Let's Cock The Hammer On Another


I know ghosts. I've had something following me around since about age six. I'm sure sometimes it's called paranoia, and sometimes it's that weird thing your nerve endings do when the air currants shift around your body, but mostly it's a ghost. A cold shaft of air from nowhere, a chair moving, a bump, a voice.

They could be long-dead relatives - there's a family story about a spectacular car crash on a mountain in the Philippines that took out five of my teenage cousins, and if we stay the way we were in the afterlife, I bet those guys are gossiping about the living because they are bored out of their minds. We're a talkative people. I'm pretty sure I make a good soap opera while they laze away the decades of eternity.

I used to have a stepsister, when my father was married to her mother, and she knew ghosts too. She brought it up on the occasion of her Amish friend Mandy coming to stay. Mandy's family was a weird group - the mother seemed a little too clean to be as much of a poor dirt farmer as everyone said she was. The kids were all very familiar with specific swear words that could make even my party-friendly parental authority flinch. I was convinced they were not really Amish, but a band of grifters, and I still think the whole lot of them were responsible for a slew of garage break-ins in the neighborhood that my father and his wife's family were living in that summer.

Mandy liked walking with my ex-stepsister and me up to the roller rink parking lot, where Sissy would pretend to smoke cigarettes, Mandy would pretend she didn't know how to smoke but could blow rings like French prostitute servicing the B Squad behind enemy lines, and I would just smoke, for real. We were all in junior high school and into witchcraft, or the semblance of it.

Sissy told us both, at the end of the four poster bed on a hot summer sleepover night. "My dead grandfather came to me in the night. He was winding yarn around his arms and asked me to play Cat's Cradle." We were impressed and alternatively disgusted. Mandy said ghosts were cool, so Sissy thought she was cool, but I knew better. They were both dorks and while ghosts are certainly exciting, the entire affair had an air of child molestation that I wanted no part of. Later that summer I met my first boyfriend, a devastatingly beautiful and devastatingly abusive motherfucker, and I really never hung out with either of them again. My own ghosts came quickly through the next few years, then backed off when I scared them by scaring myself. Now they seem to be offering free advice all of the time.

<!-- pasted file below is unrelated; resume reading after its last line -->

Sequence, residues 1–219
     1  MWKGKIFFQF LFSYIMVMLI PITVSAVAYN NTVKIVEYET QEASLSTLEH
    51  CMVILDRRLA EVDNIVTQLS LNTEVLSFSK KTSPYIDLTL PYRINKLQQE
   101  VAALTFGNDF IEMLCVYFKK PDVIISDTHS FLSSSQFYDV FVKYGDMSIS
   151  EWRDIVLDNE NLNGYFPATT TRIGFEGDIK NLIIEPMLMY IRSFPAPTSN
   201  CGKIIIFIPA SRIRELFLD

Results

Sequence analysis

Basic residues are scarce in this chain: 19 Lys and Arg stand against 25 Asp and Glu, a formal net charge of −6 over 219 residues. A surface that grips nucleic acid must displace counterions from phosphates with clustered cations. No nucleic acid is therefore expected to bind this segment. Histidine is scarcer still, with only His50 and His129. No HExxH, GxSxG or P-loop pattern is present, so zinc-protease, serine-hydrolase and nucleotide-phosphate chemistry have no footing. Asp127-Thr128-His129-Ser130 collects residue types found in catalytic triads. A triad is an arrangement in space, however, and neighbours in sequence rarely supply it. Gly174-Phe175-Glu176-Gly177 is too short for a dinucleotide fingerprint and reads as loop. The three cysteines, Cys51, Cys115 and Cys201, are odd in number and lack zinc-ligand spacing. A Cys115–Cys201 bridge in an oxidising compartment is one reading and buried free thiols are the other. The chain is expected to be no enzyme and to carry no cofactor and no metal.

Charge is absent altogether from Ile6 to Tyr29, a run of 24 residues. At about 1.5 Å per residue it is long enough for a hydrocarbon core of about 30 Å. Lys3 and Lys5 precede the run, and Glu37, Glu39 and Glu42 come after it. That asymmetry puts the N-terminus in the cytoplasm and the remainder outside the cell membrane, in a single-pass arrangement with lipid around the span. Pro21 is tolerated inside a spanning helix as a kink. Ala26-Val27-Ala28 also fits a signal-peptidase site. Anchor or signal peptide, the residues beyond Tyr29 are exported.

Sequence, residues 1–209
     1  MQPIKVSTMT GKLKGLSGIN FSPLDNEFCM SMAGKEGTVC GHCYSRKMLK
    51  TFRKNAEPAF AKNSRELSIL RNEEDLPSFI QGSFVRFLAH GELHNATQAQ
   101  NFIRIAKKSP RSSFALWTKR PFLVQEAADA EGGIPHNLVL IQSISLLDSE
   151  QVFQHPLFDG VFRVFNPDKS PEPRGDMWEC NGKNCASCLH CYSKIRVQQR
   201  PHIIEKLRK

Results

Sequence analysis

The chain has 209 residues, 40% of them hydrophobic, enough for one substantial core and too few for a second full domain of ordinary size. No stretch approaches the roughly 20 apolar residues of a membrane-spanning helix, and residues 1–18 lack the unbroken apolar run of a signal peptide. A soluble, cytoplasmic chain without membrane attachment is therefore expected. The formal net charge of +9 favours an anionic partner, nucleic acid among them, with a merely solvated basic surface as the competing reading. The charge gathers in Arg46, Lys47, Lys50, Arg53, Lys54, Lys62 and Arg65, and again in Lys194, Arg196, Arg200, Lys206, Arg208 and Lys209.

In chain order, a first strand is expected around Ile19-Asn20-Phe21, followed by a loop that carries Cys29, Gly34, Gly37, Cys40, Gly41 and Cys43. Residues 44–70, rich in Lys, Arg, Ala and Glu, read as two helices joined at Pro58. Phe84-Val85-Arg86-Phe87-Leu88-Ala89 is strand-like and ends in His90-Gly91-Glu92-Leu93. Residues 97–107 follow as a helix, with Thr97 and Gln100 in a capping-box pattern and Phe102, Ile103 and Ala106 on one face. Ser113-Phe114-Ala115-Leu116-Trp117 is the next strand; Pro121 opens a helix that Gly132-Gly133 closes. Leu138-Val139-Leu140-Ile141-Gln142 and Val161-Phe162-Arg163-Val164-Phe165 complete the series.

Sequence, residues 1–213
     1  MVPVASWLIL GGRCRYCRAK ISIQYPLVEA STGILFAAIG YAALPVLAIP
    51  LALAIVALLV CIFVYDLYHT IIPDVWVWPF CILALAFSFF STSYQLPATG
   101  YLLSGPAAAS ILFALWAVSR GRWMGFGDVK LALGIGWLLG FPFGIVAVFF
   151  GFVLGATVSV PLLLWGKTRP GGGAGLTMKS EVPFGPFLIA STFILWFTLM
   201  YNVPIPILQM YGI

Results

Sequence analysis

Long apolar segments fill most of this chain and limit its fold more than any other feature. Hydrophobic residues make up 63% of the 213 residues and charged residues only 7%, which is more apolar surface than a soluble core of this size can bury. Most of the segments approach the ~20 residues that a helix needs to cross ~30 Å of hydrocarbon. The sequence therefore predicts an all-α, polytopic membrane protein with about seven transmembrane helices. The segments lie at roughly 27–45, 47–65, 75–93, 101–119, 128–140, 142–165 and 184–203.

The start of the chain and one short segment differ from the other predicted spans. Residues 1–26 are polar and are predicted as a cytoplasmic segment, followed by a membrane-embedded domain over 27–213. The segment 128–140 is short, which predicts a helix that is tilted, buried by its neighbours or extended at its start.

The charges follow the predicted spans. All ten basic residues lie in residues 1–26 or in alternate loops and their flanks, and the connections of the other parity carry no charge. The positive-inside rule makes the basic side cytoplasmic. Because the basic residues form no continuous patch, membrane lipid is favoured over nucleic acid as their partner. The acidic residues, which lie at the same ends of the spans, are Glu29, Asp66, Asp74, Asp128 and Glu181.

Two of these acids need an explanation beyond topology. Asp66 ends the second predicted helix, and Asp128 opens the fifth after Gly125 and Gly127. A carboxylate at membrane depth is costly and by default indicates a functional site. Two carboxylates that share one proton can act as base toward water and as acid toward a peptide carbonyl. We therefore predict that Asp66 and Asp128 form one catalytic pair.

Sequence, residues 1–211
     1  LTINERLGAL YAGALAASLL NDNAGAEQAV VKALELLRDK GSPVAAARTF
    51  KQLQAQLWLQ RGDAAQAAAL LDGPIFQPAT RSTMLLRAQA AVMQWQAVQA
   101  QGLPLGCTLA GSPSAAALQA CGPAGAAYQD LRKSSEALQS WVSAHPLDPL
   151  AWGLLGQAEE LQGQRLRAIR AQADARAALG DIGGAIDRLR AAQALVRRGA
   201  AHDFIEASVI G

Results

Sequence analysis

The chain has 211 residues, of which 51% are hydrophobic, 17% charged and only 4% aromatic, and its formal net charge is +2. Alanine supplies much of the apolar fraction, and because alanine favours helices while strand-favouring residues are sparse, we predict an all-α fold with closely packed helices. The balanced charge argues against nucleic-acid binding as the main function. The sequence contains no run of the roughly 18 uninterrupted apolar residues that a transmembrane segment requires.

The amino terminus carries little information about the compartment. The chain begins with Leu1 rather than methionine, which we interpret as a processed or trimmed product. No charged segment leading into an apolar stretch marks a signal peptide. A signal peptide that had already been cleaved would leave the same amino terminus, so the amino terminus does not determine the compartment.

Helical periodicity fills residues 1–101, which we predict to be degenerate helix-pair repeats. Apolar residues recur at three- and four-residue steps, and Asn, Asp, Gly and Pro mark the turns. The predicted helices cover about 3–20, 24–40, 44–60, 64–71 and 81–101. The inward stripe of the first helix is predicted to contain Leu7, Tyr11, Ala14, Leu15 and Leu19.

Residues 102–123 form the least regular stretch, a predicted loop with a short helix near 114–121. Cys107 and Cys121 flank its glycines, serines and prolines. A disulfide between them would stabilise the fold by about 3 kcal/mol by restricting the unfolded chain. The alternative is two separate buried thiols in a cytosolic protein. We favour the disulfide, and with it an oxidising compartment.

I'm mostly listening lately to Warren Zevon's 1978 album Excitable Boy. Here's what Paul Nelson wrote in Rolling Stone when it came out: "Warren Zevon's Excitable Boy is the best American rock & roll album since Bruce Springsteen's Born to Run (1975), Neil Young's Zuma (1976) and Jackson Browne's The Pretender (1976). If there's not enough firepower in that statement, let's cock the hammer on another. Thus far, the Seventies have introduced three major American rock & roll artists - Browne in 1972, Springsteen in 1973 and Zevon -- and I have every confidence the music of all three will be even better in the future."

I reconnected with this album one Sunday afternoon while sorting through my friend's vinyl collection. Trying to reunite all the loose albums with their dust sleeves and covers, I felt something push me into the stacks. I had Side A on the turntable, playing probably the most famous song on the Zevon record, "Werewolves of London". When I backed up, the player skipped over two songs directly to the last one on that side "Accidently Like a Martyr". I felt a hand on my shoulder pat a little, then disappear.


- Salem Collo-Julin